Mists of Pandaria, Skyrim, And Shogun 2
World of Warcraft: Mists of Pandaria
World of Warcraft: Mists of Pandaria offers a lush expansion with highly-detailed new worlds. One of the most demanding sections of the game is in Honeydew Village. Placing a character directly in-between the guards at the entrance to the city when it is raining, then panning the camera to just above the grassy hill beside them brings a very high number of moving objects into view. It is one of the worst-case scenarios that we have found in the game.
The GeForce GTX 660M averages more than 100 FPS in older sections of the game at Ultra settings, but only manages 33 FPS in this specific test. We had no trouble questing or raiding with the Blade R2 set to Ultra at 1920x1080, though.
The High preset brings average frame rates up, but doesn't necessary make the experience any smoother. We're comfortable operating the Blade R2 at WoW's Ultra detail preset.
At the Medium preset, a platform bottleneck once again hurts AMD's APU, putting the Blade's GeForce GTX 660M ahead of the Radeon HD 7970M.
The Elder Scrolls V: Skyrim
Benchmark settings for Elder Scrolls V: Skyrim are the same as those in Elder Scrolls V: Skyrim: PC Performance, Benchmarked.
The Blade R2 has no problems playing Skyrim at its highest settings.
The average frame continues going up as detail settings are dropped, although we don't think is necessary on the Blade or our comparison machines.
Total War: Shogun 2
The built-in benchmark for Shogun 2 takes the Blade's GeForce GTX 660M under 20 FPS. This is mainly due to the game's anti-aliasing.
Turning off anti-aliasing doubles average frame rates to a very playable 38 FPS.
Running the built-in 720p benchmark yields 46 FPS. We prefer to leave AA turned off and play the game at 1080p with everything else maxed-out.
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Having all the I/O on the left isn't such a bad idea, keeps the right side clear so cables don't get in the way if you use a mouse close to your laptop like i do.Reply
Wow, this is a very thorough review! Great work!Reply
This notebook has looked into almost every possible detail. I was particularly impressed that in the heat run, the "WASD" key area was cooler than the rest. This bespeaks extreme attention to details.
This is an amazing system. Great job by Razer! I won't be buying it due to the steep price tag, but definitely going to recommend it to those who are willing to pay for the best.Reply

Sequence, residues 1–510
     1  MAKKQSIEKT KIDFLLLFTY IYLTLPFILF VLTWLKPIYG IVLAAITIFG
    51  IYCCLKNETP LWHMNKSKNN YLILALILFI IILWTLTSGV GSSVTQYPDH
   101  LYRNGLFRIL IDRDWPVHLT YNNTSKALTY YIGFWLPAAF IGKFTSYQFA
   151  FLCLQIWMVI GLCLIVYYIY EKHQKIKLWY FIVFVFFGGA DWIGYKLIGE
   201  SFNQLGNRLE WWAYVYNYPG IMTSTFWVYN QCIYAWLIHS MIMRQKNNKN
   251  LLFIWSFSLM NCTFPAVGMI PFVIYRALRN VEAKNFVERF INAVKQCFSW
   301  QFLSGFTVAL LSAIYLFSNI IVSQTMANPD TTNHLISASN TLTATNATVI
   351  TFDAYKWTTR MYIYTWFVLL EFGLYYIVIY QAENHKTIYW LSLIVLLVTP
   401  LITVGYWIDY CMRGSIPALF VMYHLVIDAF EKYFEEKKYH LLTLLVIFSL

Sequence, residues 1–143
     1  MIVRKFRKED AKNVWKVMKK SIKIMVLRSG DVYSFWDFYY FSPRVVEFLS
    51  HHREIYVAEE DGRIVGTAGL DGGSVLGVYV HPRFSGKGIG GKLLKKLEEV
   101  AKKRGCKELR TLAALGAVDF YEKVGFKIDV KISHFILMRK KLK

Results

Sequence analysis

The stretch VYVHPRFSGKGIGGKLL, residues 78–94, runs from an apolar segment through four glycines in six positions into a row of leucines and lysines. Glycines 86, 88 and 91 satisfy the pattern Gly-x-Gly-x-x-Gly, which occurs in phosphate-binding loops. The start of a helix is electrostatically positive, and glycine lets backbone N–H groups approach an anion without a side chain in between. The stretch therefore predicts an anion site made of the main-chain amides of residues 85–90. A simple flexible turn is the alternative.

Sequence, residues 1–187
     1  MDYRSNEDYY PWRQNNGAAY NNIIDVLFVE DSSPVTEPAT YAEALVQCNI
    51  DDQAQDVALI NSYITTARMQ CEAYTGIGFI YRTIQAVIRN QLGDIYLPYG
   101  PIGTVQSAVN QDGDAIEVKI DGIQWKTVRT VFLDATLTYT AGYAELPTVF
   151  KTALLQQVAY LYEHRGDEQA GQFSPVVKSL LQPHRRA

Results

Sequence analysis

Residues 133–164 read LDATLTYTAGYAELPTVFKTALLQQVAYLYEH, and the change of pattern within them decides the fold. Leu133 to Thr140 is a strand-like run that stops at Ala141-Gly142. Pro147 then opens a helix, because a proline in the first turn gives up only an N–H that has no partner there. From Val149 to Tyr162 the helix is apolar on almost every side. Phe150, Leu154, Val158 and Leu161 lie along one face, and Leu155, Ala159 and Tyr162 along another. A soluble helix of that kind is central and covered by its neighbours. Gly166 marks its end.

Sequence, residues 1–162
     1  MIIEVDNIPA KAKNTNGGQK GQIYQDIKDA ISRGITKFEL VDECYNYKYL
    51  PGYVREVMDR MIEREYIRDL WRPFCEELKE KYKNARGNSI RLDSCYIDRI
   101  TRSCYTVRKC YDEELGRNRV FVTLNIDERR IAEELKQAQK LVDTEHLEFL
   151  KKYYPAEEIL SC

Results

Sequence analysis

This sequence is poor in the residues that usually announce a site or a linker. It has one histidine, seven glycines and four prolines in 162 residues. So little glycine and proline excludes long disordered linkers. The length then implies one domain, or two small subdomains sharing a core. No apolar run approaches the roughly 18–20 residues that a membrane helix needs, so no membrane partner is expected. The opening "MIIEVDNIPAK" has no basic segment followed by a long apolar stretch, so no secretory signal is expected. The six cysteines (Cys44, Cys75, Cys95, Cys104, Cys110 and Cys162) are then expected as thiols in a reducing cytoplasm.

While the price is steep, this laptop is definitely one of the best looking gaming laptops I've ever seen.Reply
I very badly need to get a new laptop but this one is way too rich for my blood. I would definitely consider this if it were about $1K less.Reply
g-unit1111I very badly need to get a new laptop but this one is way too rich for my blood. I would definitely consider this if it were about $1K less.Lenovo Y580/Y500 GT650m SLIReply
xpehWhile the price is steep, this laptop is definitely one of the best looking gaming laptops I've ever seen.IMO having a $1000 gaming desktop and spending $500-600 on a laptop when Haswell comes out is probably much more economical for the occasional gaming on a laptop paired with a sold desktop to enjoy the higher quality graphics. Even at $2500, this laptop can't even keep up with the $500 budget gaming build from last month.Reply
nice review. :)Reply
my real amusement came from the apu-powered laptop's performance, though. it bottlenecked the discreet gpu so badly.... :D
Gaming laptops have never been priced in a range that makes them worth buying for me. They don't really have enough battery life to really take advantage of portability, and the price/performance is in a whole other league if you compare it to any desktop build.Reply
Even buying a cheap laptop for travel use alongside a gaming desktop is likely to come in cheaper than many of these.
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